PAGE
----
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HomeFront panel discussion on COVID-19 impacts

There have always been homeless and hungry families in Mercer County, but the fallout from the COVID-19 pandemic has brought it more sharply into focus.

HomeFront, which is a Lawrence Township-based nonprofit group, brought together a panel of experts to explore the lingering impact of the pandemic on those families in a virtual panel discussion during National Hunger and Homelessness Awareness Week, which was held Nov. 13-20.

The panelists at the Nov. 18 forum included Sarah Steward of HomeFront, which helps the homeless and the working poor; Olivia Jin of Princeton University’s Eviction Lab; Emily Gartenberg of No Kid Hungry NYC; and Shellie Skinner of the New Jersey Pandemic Relief Fund.

While state and federal eviction moratoriums and rental assistance programs have kept many families in their homes during the pandemic, hunger or food insecurity has not been so easy to tame.

“Almost immediately” after COVID-19 struck, the line of people seeking food assistance from HomeFront’s food pantry wrapped around the block, said Sarah Steward, HomeFront’s chief operating officer.

There were two to three times as many people seeking food than before the pandemic, Steward said. Before the pandemic, about 500 families sought help for food every month – but that number has not dropped below 1,000 families in months, she said.

Some of those families had been teetering on the economic edge, and COVID-19 pushed them over it, Steward said. Many of those families are seeking help for the first time in their lives. Half of the recipients told HomeFront officials that they had never visited a food pantry, she said.

Emily Gartenberg of No Kid Hungry NYC agreed that hunger and food insecurity has increased. In 2019, about 10% of New Jersey children experienced hunger, but in the COVID-19 pandemic era, it has jumped to about 15%. There are about 300,000 children living in food-insecure households, she said.

“Hunger hides in plain sight,” Gartenberg said.

Income-eligible children and their families had relied on free- and reduced-price breakfasts and lunches provided at school, but closing those buildings also meant closing access to meals, Gartenberg said. Many children received most of their daily calories from those meals.

Gartenberg said the lack of nutrition may have long-lasting effects on children, such as widening the academic achievement gap. Children need to be well-nourished so they can focus in the classroom, she said.

Skinner, of the New Jersey Pandemic Relief Fund, said that with the COVID-19-mandated school closures and switch to remote learning, “we just blew the doors off” the academic achievement gap.

The “old” academic achievement gap is nothing compared to the “new” academic achievement gap, Skinner said.

“We are going to lose an entire generation,” Skinner said.

But it’s not just food insecurity and academic achievement gaps that COVID-19 has left in its wake, the panelists agreed.

The potential for eviction because of unpaid rent also has increased, said Olivia Jin of Princeton University’s Eviction Lab, which studies the impact of eviction on families.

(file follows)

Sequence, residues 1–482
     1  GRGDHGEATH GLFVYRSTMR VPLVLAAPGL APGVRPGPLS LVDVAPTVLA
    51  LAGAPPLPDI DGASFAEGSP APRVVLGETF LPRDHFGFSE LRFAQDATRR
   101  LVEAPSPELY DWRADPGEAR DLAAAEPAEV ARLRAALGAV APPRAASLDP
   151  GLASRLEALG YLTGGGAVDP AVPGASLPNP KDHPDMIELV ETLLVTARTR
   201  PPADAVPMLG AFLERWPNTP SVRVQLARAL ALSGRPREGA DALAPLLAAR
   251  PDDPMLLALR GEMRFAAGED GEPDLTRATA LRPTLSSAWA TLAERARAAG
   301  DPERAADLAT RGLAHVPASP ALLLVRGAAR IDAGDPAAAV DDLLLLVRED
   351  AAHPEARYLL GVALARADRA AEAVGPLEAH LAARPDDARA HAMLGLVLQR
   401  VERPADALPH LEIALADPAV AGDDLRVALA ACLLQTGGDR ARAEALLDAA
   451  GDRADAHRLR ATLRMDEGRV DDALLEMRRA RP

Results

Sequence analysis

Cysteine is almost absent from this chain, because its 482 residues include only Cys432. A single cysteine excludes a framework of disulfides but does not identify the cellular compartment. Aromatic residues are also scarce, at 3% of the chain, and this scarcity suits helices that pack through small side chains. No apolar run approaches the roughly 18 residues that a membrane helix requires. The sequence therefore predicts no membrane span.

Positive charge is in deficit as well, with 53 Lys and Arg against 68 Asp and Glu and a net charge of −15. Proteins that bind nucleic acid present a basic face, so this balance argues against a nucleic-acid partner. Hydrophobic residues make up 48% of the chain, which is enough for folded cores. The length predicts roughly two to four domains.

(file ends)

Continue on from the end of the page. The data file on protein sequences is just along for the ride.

Jin said rental debt has increased significantly, and it is going to be hard for renters to catch up on overdue rent. Renters facing eviction usually owe one or two months of rent, but many renters are more than six months behind in rental payments, she said.

Jin said that nationwide, about 9 million tenant households are facing eviction for non-payment of rent. In a typical year, there are about 3.5 million eviction filings, she said.

Of the 9 million households facing eviction, only about 5 million tenant are likely to be evicted when the eviction moratoriums are lifted, Jin said. However, informal evictions have been occurring during the pandemic. Landlords turn off the utilities, forcing tenants to move.

An eviction becomes part of one’s record, and it makes it more challenging to find work and to rent another apartment, Jin said. There are negative impacts on physical and mental health, and even on children’s education, she said.

“Losing your home is traumatic,” Jin said.

Acknowledging that landlords are operating a business, Jim urged them to be compassionate. An eviction stays on a tenant’s record, and “that’s why we call eviction the ‘Scarlet E,’ ” she said.

Skinner, of the New Jersey Pandemic Relief Fund, said that with representation by a lawyer or a counselor, a renter facing eviction could negotiate a settlement with the landlord to avoid being “stuck with that (eviction) around your neck for a long time.”

Asked what the community could do to help, Steward said financial contributions to HomeFront and other nonprofit groups are always welcomed. Volunteers are also needed – whether it is filling bags in the food pantry, or other tasks that need to be done.

Steward and Jin encouraged attendees to use their voices to contact policy-makers to “do something.”

Part of HomeFront’s mission is to empower clients to raise their voices, but their voices may not be heard because they are too focused on survival, she said.

“(But) we can be that voice. We need to remind our leaders (of the issues). It takes the voice of privilege to get the message across. Don’t minimize your voice. I am asking you to care about the issues,” she said.

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